- Fractional shares help build wealth at scale by making portfolio diversification simple
- Fractional Shares earn dividends
- Brokerages have dividend reinvestment programs for fractional shares
- Fractional shares are harder to sell than whole shares. But, the practical effects are minimal for typical long-term investment trades
Why Fractional Shares Builds Wealth at Scale
Fractional shares are a game changer. Fractional shares existed since the late 1990s. But a broader audience discovered fractional shares in 2019. This was when brokerage firm Robinhood introduced them.
When online brokerages were first created, fractional shares were impractical. A single trade back in the 90s would cost up to $30. In the 2000s, each transaction was $9.99. If you made a single, $100 trade, it means that you immediately lost 10% of your investment buying the stock. For most people, this stranglehold meant they could not build a diversified portfolio. Buying a basket of 10 stocks at $100 each would mean they would lose 10% to commissions. Back then, it was better to buy $1000 of one stock, lose the 1% commission, and not be diversified.
Today, the average income is about $56,000. and the average household saves about 4.4%. That means the typical household saves $186 per month. Thanks to fractional shares, $186 can build a diversified portfolio. Commissions won't erode your returns and fractional shares let you buy any stock regardless of price.
Thanks to “no-commission” trades, there is no erosion to the average household's investments.
Why do Fractional Shares Exist?
Fractional shares allow people to invest in companies with large prices per share. Thanks to fractional shares, a stock price that's “too expensive” is irrelevant. This is because stock prices do not prohibit anyone from investing in that company. Since the price of a share is arbitrary, fractional shares have removed what was once an unnecessary hurdle for small investors.
Stocks like Berkshire Hathaway (BRK-A) has a price per share of $404k as of September 2022. This price is too expensive for typical retail investors. However, with fractional shares, you can buy class A shares of Berkshire Hathaway for $1.
Why Should I Buy Fractional Shares?
Fractional shares allow you to diversify your portfolio with 10 unique stocks for $10. This allows the investor to use strategies like dollar-cost averaging. This is where an investor periodically invests the same amount of money into an asset. This buys more shares of the asset as the price falls, reducing the impact of price volatility.
Fractional shares also allow small investors to run a rebalancing procedure. The Alaska Permanent Fund uses this strategy by setting percentage targets for asset allocation. When you set asset allocation targets, you choose a percentage an asset will have in your portfolio. When you set asset allocation targets, you choose a percentage an asset will have in your portfolio. For example, you could set a target of 10% allocation to Amazon. If Amazon doubles in value, it may become 20% of your portfolio. Your procedure will sell Amazon and reallocate to stocks that may be falling. This systematically helps you buy low (the reallocation), and sell high (Amazon doubling).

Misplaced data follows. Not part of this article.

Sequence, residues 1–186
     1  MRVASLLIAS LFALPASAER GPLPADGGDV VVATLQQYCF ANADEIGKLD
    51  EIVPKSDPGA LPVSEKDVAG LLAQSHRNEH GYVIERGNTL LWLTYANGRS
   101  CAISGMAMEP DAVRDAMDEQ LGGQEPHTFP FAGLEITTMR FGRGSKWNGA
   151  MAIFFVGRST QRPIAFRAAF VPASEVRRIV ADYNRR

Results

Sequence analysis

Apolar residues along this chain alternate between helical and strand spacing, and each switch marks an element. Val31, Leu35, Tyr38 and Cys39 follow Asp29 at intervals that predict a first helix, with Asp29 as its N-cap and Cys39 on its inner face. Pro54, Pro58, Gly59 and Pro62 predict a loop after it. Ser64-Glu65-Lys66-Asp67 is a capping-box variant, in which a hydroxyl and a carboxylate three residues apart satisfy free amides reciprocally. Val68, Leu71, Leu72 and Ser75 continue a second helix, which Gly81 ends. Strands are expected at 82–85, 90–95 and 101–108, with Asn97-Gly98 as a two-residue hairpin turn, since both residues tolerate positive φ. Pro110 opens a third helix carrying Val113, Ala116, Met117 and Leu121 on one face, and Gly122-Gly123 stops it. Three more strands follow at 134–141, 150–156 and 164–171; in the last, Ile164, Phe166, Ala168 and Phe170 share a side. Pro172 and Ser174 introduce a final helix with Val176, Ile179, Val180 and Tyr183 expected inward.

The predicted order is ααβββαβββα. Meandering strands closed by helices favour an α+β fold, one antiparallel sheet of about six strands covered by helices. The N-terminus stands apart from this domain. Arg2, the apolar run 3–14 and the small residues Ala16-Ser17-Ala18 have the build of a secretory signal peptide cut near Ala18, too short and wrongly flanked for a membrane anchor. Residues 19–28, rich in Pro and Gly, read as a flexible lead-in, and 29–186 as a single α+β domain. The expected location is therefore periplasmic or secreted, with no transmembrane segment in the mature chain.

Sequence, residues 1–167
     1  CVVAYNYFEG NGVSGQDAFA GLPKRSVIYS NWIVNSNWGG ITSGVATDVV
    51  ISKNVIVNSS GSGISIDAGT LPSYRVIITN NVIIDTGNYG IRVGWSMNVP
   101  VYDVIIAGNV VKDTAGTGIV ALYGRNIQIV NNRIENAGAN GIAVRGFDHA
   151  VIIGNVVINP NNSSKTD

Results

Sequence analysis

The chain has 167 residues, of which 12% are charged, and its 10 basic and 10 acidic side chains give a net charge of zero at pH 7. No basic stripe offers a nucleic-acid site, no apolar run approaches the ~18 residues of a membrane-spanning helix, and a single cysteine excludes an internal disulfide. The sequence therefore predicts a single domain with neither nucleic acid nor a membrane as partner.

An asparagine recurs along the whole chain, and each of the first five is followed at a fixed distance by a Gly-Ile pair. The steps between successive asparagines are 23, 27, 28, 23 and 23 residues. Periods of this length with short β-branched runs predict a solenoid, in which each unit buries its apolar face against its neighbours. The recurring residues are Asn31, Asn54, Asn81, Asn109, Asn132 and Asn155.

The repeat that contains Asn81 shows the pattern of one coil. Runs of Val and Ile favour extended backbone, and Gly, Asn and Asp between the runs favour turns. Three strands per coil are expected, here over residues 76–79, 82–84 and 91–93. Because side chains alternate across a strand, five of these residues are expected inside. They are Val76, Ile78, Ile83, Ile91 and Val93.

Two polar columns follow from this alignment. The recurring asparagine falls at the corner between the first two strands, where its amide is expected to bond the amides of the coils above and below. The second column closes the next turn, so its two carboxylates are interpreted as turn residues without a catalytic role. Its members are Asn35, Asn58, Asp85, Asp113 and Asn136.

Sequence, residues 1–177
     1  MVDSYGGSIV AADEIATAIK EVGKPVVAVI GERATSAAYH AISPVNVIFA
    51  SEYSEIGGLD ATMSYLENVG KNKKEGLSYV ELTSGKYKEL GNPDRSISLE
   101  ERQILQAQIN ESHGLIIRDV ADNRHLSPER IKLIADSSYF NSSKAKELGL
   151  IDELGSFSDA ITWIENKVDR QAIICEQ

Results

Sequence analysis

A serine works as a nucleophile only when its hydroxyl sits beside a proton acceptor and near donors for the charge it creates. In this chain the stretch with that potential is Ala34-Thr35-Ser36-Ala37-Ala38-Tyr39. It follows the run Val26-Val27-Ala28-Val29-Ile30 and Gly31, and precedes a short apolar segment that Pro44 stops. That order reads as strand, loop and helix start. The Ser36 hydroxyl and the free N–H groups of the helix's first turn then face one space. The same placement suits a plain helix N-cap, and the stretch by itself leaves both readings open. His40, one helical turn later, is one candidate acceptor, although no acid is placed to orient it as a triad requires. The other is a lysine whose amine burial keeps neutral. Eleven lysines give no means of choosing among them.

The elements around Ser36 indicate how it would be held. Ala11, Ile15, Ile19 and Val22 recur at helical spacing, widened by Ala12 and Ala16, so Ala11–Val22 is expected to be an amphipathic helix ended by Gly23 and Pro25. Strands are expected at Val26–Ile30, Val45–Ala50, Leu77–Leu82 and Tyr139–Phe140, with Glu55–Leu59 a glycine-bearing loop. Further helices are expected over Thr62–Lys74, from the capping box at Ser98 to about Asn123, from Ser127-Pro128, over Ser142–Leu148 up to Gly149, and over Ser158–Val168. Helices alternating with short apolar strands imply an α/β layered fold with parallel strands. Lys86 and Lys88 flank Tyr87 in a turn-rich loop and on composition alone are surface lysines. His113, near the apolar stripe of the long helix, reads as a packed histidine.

Fractional shares allow you to run this process even if your total portfolio value is less than $100. This is because the price of a whole share of Amazon is likely higher than $100. Fractional shares allow investors to reallocate assets without caring about share price.
How to Buy Fractional Shares
You can buy fractional shares from multiple brokerages. We recommend Robinhood and Fidelity because they provide fractional shares at a great price.
- Both sell fractional shares for $0.00 in commissions
- Both have a $1.00 minimum per trade
- Both provide $0.00 commissions for ADRs and OTC stocks.
Dividend Reinvestment Programs (DRIP)
Fractional shares do get paid dividends, though there is a limitation to how small a fractional share can be and still be eligible for a dividend. For Fidelity, this may be 0.001 shares.
Fidelity provides a program that will invest your dividends back as fractional shares. Your dividends will be invested in full. This allows your dividends to be reinvested without left over money sitting around.
Is There a Downside to Buying Fractional Shares?
- Fractional shares may not qualify for trading outside of trading hours.
- Trading may be limited to a mobile app
- You cannot vote for corporate actions with the fractional share position you hold
- Fractional shares may not be purchased at the quote price and may not have a liquid market for certain securities
Are Fractional Shares Harder to Sell?
For all practical purposes, fractional shares are not harder to sell. The difficulty of selling the share is determined by the liquidity of the underlying market and isn’t dependent on fractional shares.
Brokerages like Fidelity will have entities acting as your agent to hold the shares. This means that the agent holds the shares of multiple accounts with fractional shares. Any fractional shares are marked as “not held” . This means that the agent is given time and price discretion to seek the best available price. Because of this discretion, your fractional share order may not be executed immediately.
For large cap and mid cap stocks, this will not be an issue for all practical purposes.